The road to self-publishing can be a lonely one, bordered on each side by self-doubt, frustration, insecurity, inexperience and lack of a shoulder to cry upon.
Frequently you wonder about your goals. Why are you doing this? There's so much competition. Can you ever find a reader for your work? Will anyone like your writing? Should you just surrender and collect endless rejection slips until someone recognizes your talent and gives you a break?
I often ponder multiple choices after I've completed a project.
OK, you've typed “The End”. Now what? After nearly a year of inspiration, blind alleys, despair, and not-so-good passages followed by blazing insight and blinding speed, you've reached the end. What do you do next?
First, you need to edit this mess but can you trust yourself? After all, you're the one who created it. Do you trust the idiot who made endless mistakes (you) to be the one to correct them? Do you know enough with your limited experience to be able to find the errors? Does someone, someone wiser than you, have the solution to your dilemma? Where can you go to find help? Can you trust him or her?
Maybe if you send it to a publisher your problems will be solved. After all, they employ professional editors. But do you want to see it gathering electronic dust while someone else holds your precious work in their hands, maybe for months or a year at a time, only to receive a mail stating “Dear ___ we are unable to publish your novel ...”.
Should you hire someone, fearing that the work may never sell, or not sell enough to pay for the costs of editing? Who can you turn to? You don't know any editors. Which ones are the good ones and can you afford them?
If you self-publish the book which service do you choose? Do you want to offer it in print? Will anyone ever read it? No one knows you. How can you convince a reader to take a chance on an unknown author?
The list continues, but at some point you need to stop agonizing over the choices. If you felt good writing it and you gave it your best shot, if you did due diligence, went back and corrected as many errors as you could find, then maybe it's the time to get another opinion.
Family and friends frequently lie, fearful of offending you. (Most of my grown, adult children will not read my stuff. They're too busy, they can't read a sex scene that dad wrote without blushing, etc.). However, it's important that your spouse or significant-other support your efforts (mine does, enthusiastically).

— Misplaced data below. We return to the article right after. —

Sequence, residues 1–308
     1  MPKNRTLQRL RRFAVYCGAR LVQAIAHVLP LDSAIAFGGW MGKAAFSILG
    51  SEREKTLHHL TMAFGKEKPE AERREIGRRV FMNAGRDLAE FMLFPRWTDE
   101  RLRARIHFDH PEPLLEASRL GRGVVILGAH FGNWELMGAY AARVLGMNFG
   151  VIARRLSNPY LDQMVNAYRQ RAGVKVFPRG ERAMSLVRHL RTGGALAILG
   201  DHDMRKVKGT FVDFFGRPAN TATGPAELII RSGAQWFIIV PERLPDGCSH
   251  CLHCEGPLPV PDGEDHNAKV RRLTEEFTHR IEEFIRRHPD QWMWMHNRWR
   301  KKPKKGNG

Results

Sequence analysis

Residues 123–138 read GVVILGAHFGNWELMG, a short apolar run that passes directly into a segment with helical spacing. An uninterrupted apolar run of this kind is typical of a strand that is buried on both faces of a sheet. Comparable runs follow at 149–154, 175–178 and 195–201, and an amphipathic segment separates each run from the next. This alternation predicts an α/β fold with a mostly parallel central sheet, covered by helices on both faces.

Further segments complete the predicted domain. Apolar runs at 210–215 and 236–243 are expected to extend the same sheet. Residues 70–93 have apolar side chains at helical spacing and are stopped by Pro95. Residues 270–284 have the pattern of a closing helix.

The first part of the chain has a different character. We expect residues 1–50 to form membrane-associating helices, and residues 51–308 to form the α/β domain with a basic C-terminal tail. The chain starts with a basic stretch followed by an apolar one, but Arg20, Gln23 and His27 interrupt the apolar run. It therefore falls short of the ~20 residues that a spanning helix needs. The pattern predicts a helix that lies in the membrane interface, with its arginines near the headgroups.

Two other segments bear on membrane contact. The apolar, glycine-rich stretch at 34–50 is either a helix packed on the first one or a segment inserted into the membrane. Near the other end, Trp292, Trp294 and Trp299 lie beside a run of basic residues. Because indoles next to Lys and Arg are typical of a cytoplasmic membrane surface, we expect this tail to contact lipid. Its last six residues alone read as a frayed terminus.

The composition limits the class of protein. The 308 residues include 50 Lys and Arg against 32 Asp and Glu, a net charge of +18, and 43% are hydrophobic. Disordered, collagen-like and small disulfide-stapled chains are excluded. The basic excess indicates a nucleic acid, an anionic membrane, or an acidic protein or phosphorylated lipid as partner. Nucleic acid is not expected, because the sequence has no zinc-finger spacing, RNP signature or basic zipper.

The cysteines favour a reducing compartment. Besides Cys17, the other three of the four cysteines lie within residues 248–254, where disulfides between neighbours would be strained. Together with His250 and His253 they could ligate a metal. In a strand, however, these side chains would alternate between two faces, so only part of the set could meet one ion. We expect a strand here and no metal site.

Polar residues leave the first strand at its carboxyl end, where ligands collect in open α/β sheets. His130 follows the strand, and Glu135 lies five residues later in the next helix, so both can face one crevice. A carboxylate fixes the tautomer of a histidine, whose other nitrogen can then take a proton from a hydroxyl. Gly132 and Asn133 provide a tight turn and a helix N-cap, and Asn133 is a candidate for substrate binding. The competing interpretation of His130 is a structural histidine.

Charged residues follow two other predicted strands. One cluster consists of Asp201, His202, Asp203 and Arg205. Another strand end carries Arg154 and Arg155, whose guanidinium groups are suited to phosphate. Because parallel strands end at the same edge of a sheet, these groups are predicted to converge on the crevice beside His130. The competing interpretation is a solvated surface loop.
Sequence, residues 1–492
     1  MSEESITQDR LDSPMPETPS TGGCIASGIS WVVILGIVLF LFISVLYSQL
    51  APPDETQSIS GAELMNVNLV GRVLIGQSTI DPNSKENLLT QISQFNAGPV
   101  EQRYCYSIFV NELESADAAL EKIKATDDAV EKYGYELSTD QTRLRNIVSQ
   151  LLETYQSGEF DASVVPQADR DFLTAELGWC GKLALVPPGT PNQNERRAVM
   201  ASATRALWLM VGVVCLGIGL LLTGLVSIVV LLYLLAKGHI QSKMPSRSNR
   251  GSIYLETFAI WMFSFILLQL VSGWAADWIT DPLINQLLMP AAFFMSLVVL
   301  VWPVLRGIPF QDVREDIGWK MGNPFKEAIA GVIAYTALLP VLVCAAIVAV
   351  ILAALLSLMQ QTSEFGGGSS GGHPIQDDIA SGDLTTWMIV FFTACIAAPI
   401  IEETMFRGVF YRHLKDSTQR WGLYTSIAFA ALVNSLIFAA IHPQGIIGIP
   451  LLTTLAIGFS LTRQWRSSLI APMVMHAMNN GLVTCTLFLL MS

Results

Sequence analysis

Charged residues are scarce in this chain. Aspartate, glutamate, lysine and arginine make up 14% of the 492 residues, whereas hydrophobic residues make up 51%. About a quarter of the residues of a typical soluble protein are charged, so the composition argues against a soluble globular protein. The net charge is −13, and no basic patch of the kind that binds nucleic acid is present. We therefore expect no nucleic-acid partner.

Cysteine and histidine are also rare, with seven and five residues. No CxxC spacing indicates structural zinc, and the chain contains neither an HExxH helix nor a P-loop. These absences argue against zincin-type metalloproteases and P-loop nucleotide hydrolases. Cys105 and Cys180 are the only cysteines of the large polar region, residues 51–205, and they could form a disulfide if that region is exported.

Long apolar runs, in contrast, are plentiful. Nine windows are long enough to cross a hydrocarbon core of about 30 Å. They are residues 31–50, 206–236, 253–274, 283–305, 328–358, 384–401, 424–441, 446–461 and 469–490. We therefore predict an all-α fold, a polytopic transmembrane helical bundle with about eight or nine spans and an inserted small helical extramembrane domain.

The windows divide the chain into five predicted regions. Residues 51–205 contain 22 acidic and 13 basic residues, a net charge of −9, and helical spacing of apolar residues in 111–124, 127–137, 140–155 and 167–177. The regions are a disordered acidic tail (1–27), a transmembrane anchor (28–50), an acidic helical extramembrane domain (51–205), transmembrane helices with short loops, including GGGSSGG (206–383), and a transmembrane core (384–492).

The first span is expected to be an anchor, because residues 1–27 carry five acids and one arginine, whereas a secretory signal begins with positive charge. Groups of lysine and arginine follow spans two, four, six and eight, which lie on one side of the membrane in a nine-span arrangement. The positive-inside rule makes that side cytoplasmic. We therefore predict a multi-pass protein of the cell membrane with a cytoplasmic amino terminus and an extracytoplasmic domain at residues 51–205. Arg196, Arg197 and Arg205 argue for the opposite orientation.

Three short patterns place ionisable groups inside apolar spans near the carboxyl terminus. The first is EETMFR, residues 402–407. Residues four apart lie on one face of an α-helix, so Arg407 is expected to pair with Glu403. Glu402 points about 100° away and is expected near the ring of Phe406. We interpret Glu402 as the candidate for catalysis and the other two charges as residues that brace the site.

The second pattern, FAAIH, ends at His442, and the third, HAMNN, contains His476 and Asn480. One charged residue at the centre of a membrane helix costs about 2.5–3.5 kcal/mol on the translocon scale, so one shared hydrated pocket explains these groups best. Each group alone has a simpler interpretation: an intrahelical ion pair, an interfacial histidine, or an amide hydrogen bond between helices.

Find a stranger, in fact several strangers. Bribe, cajole, coerce, plead, or twist arms. Find a critical person who will be honest with you if you reciprocate. Get several opinions. If the consensus is, it's trash, rewrite it, or put it aside and tackle the next one. Don't give up. (Also remember, one man's trash is another man's treasure.)
Join a writer's group like the Indie Writer's Group on Facebook and become involved. There, you'll learn a lot of skills, gain good information and meet your fellow writers.
If you feel that you've done your best. You've weeded out all of the errors you could find, and most importantly, you love reading it and you're proud of your efforts, then choose a site and publish it.
I choose Smashwords because it's free and gives you a reasonable presence in a large ocean of books. If you publish it for free or decide to sell it, be patient. It can take six months to a year before people notice you.
Finally, while waiting for reviews (which may never appear), reflect upon the goals you had when you started. Why did you do this? Did you want to make money and become a successful writer or did you do it for the fun and satisfaction? If the answer is the former, then I'm afraid your task has just begun, if the latter, relax. You've done it.
But maybe if I just put a web site up, a blog, a name on Facebook, and logged on to Tweeter, then maybe....